Legislation that seeks to stem retirement plan leakage by providing incentives for the use of automatic portability arrangements in defined contribution plans picked up support in the U.S. House of Representatives.
The Advancing Auto-Portability Act of 2022 (H.R. 9252) was introduced Oct. 28 by Reps. Brad Schneider (D-IL) and Ron Estes (R-KS), who are both members of the House Ways and Means Committee, where the legislation was referred.
Citing data from the Employee Benefit Research Institute, the Retirement Clearinghouse (RCH)—which conceived the idea and has been active in promoting the concept on Capitol Hill and among regulators—notes the legislation has the potential to preserve up to $1.5 trillion in retirement savings over a 40-year period.
What’s more, the legislation—as part of its findings—contends that up to $105 billion in retirement savings leaves the defined contribution pension system annually because employees cash out their savings after a job change.
To that end, RCH explains that auto-portability is “the routine, standardized and automated movement of an inactive participant’s retirement account from a former employer’s retirement plan to their active account in a new employer’s plan.” As such, it is intended to serve the needs of participants who are subject to the mandatory distribution/force-out provision of their employer-sponsored plan (i.e., accounts with less than the current limit of $5,000) and is designed to work within the existing infrastructure and data flows of the qualified employer plan system.
RCH also notes that nearly a third (31%) of workers who change jobs each year will cash out their 401(k) accounts within one year of moving to a new employer. However, the cash-out rate is higher among plan participants who are minorities (63% for Blacks and 57% for Latinos), are between ages 20 and 29 (44%), or earn $20,000 to $30,000 a year (50%). Similarly, the percentage is higher for women (41%), especially women between ages 25 and 34 (71%).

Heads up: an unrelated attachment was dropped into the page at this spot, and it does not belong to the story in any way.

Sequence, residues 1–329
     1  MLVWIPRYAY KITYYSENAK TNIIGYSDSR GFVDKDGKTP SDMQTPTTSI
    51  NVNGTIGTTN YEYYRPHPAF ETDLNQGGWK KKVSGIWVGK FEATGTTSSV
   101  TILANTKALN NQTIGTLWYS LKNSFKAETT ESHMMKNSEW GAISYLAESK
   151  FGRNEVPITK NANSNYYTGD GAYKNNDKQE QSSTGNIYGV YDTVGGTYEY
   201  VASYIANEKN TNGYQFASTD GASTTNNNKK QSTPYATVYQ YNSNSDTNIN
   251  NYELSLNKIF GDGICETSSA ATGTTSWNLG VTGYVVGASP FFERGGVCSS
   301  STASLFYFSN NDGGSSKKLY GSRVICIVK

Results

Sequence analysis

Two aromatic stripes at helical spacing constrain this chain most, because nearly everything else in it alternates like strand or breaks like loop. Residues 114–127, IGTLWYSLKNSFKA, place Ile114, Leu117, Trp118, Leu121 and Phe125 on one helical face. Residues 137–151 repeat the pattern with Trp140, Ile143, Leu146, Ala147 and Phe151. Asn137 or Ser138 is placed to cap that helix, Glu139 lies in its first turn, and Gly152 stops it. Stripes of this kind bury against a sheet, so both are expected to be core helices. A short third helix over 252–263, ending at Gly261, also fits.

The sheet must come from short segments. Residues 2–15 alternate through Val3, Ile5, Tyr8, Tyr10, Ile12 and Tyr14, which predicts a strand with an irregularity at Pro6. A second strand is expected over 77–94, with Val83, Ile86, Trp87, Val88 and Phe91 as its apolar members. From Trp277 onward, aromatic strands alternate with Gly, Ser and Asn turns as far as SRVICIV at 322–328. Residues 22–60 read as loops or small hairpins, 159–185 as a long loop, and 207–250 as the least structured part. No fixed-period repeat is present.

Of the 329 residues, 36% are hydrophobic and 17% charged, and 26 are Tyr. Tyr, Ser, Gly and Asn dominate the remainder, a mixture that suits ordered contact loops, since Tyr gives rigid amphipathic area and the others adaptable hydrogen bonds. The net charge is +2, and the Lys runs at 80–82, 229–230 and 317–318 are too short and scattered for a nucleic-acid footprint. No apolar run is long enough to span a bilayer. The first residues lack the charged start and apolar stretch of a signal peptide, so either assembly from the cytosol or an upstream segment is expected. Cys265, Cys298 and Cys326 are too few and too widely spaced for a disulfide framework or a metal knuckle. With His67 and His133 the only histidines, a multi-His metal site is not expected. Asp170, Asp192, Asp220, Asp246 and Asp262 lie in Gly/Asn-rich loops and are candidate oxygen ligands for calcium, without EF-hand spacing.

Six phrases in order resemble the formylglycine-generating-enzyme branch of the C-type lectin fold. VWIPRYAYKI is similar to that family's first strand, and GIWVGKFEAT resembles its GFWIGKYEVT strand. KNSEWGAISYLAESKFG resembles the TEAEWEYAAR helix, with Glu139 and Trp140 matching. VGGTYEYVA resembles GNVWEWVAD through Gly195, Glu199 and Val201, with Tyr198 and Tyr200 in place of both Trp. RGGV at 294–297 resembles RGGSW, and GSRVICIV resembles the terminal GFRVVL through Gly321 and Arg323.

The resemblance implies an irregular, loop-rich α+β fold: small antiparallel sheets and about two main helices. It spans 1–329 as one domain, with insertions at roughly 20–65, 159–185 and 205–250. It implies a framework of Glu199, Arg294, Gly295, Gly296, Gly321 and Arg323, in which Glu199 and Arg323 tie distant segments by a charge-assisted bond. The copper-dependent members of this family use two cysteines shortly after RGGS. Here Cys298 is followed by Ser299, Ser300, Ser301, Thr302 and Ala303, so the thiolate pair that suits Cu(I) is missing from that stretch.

Under the legislation, employers that adopt the program will be eligible for a $500 tax credit to cover implementation costs.
The legislation also contemplates:
- advance notice to eligible participants 30 days prior to the event, with the ability to opt out of the program; and
- notice to the individuals for whom the transaction is performed within three business days disclosing the nature of the transaction, fees, and contact information for the automatic portability provider.
With regard to the automatic portability provider:
- It must provide acknowledgement in writing that it is a fiduciary with respect to the individual on whose behalf the individual retirement plan is established.
- Its fees “shall not exceed reasonable compensation” and be approved in writing by the plan fiduciary.
- It “shall not market or sell data” relating to the individual retirement plan.
- It shall offer its services to on the same terms to any plan regardless of whether the provider provides other services to the plan.
- It will keep records for six years, conduct an annual audit to demonstrate compliance.
The Advancing Auto-Portability Act has now received bipartisan backing in both the House and Senate. Companion legislation (S. 4406) was introduced in the U.S. Senate this past June by Sens. Tim Scott (R-SC) and Sherrod Brown (D-OH). In addition, a similar provision is contained in the EARN Act (S. 4808), which was approved by the Senate Finance Committee in June and the legislative language was formally introduced in September.
Given the bipartisan backing in both chambers of Congress and that nearly identical provisions are contained in the EARN Act, it would seem this legislation stands a good chance of being included in whatever emerges as part of the SECURE Act 2.0 push. Whether that broader legislation can get across the finish line as part of a year-end deal remains to be seen, but most industry observers remain bullish on the prospects.